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Over 460 doctors resign in Bengal as protests intensify across nation, Centre seeks Mamata's intervention

None of the resignations have been accepted by the state government.

Over 460 doctors resign in Bengal as protests intensify across nation, Centre seeks Mamata's intervention
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At least 460 doctors tendered their resignations by Friday evening in solidarity with the protestors agitating over the Kolkata assault incident. Junior doctors at NRS Medical College refused to end their agitation and laid down six conditions for withdrawing protest including Chief Minister Mamata Banerjee's unconditional apology. 

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As many as 175 doctors resigned from Institute of Post-Graduate Medical Education and Research and Seth Sukhlal Karnani Memorial Hospital (IPGMER SSKM Hospital) while 119 doctors resigned from North Bengal Medical College and Hospital. Thirty-three doctors resigned from School of Tropical Medicine, 18 from Sagar Dutta Medical College and Hospital, and 16 from RG Kar Medical College and Hospital. At Nil Ratan Sarkar (NRS) Medical College and Hospital, from where the entire chain of events unfolded, over 100 doctors resigned on Thursday.

None of the resignations have been accepted by the state government. 

On Friday evening, Mamata Banerjee asked the agitating NRS junior doctors to meet her at state secretariat Nabanna, dispatching director of the state Medical Education Department Pradip Mitra to bring back four doctors for discussions. The junior doctors turned down the offer, demanding that the chief minister should instead come down to NRS Hospital to meet them.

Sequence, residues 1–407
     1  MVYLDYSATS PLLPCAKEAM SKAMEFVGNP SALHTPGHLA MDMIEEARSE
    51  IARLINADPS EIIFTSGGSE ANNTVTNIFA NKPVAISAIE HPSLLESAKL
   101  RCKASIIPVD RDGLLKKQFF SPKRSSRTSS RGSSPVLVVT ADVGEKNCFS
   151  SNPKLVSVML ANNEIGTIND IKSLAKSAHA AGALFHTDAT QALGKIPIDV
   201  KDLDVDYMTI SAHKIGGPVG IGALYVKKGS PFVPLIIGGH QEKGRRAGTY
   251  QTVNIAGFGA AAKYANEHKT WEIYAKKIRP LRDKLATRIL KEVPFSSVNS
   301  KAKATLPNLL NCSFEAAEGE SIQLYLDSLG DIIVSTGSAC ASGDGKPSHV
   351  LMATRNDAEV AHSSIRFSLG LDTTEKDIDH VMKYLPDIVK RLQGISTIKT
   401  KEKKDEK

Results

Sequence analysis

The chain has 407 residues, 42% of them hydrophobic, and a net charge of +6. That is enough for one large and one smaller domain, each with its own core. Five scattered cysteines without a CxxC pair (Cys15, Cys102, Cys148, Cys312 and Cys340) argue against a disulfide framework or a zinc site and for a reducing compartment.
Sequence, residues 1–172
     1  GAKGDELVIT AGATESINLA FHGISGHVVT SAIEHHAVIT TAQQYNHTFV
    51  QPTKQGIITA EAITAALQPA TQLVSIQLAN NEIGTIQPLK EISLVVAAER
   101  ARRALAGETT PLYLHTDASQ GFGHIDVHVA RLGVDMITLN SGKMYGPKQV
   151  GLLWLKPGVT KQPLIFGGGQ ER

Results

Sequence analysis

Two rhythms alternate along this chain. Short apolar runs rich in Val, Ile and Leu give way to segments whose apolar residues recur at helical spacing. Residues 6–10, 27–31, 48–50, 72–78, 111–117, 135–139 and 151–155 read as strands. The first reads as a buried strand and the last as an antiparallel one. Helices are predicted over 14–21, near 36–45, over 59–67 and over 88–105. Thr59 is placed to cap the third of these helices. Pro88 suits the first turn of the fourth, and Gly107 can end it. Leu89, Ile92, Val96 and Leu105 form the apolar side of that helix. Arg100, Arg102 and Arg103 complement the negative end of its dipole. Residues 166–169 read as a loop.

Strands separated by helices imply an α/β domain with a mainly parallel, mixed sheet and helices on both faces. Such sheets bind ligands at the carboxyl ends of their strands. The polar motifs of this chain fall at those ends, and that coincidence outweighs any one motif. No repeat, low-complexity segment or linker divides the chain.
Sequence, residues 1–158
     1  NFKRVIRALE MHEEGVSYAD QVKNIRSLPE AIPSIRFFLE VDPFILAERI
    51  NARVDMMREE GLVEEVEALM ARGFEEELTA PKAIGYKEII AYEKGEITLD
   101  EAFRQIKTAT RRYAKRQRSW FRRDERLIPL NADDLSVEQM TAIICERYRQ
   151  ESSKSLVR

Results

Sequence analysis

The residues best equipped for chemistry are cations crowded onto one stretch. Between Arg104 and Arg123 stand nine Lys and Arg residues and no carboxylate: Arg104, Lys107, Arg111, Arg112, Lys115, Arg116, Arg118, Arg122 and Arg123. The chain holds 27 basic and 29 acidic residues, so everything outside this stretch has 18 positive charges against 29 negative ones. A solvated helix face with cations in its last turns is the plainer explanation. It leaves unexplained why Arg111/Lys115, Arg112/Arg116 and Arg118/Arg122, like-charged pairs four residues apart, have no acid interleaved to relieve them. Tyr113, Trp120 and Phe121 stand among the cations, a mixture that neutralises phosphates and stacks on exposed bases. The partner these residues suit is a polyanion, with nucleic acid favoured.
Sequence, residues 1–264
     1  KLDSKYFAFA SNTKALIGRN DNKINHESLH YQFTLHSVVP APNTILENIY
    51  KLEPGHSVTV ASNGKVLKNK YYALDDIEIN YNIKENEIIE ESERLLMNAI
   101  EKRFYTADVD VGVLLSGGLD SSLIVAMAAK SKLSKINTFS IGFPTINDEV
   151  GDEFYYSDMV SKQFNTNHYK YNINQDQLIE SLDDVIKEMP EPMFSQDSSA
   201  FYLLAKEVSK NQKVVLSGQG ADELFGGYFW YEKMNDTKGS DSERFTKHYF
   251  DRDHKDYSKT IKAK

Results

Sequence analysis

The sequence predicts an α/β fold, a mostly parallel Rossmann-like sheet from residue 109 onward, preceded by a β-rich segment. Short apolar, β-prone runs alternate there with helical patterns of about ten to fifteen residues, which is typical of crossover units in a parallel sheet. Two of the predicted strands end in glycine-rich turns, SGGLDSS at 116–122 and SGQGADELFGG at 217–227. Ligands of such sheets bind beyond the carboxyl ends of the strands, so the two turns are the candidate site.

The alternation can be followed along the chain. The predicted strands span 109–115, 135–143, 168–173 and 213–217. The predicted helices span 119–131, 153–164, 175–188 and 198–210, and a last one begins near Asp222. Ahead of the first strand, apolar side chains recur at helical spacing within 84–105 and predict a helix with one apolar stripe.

The protests erupted after a junior doctor was allegedly beaten up by the kin of a 75-year-old patient who died at the state-run NRS Hospital on Monday night. Alleging medical negligence, the family of the deceased patient attacked the doctors, causing serious injuries to two. Paribaha Mukherjee, an intern, sustained serious skull injuries in the attack.

With mass protests and resignations across the state, medical services came to a grinding halt. Services were affected in emergency wards, outdoor facilities and pathological units of many hospitals, leaving the patients in the lurch.

Union Health Minister Dr Harsh Vardhan Friday wrote to West Bengal Chief Minister Mamata Banerjee urging her to "personally intervene" to resolve the woes of agitating doctors in the state. State Governor Keshari Nath Tripathi also called Banerjee to discuss the matter, but is yet to receive a response from her. 

Meanwhile, another junior doctor was attacked in Kolkata's National Medical College and Hospital on Friday evening.

In the meantime, the protest spread across the country, with the medical fraternity stepping forward to support the protesting doctors. The Indian Medical Association announced a nationwide strike on Monday (June 17) and also launched a three-day pan-India protest. All non-essential medical services including OPDs (Out Patient Departments) will be withdrawn for 24 hours on June 17 while emergency and causality services will continue to function, said the IMA. 

Healthcare services at private and government hospitals also suffered in Delhi, Maharashtra, Bihar, UP, Rajasthan, Punjab, Telangana, Kerala and Madhya Pradesh, as thousands of doctors went on the day-long strike demanding justice for their colleagues.

Nearly 30,000 doctors were on a one-day strike on Friday, most in West Bengal, New Delhi and Maharashtra, according to figures proved by medical associations, reported news agency Reuters.

A PIL was filed in the Calcutta High Court on Friday seeking the court's intervention to declare the stir as ''illegal''. It also asked for details of steps taken by the West Bengal government on the safety of doctors and to end their agitation. Responding to the PIL, the High Court gave 7 days time to the Mamata Banerjee government to respond to it.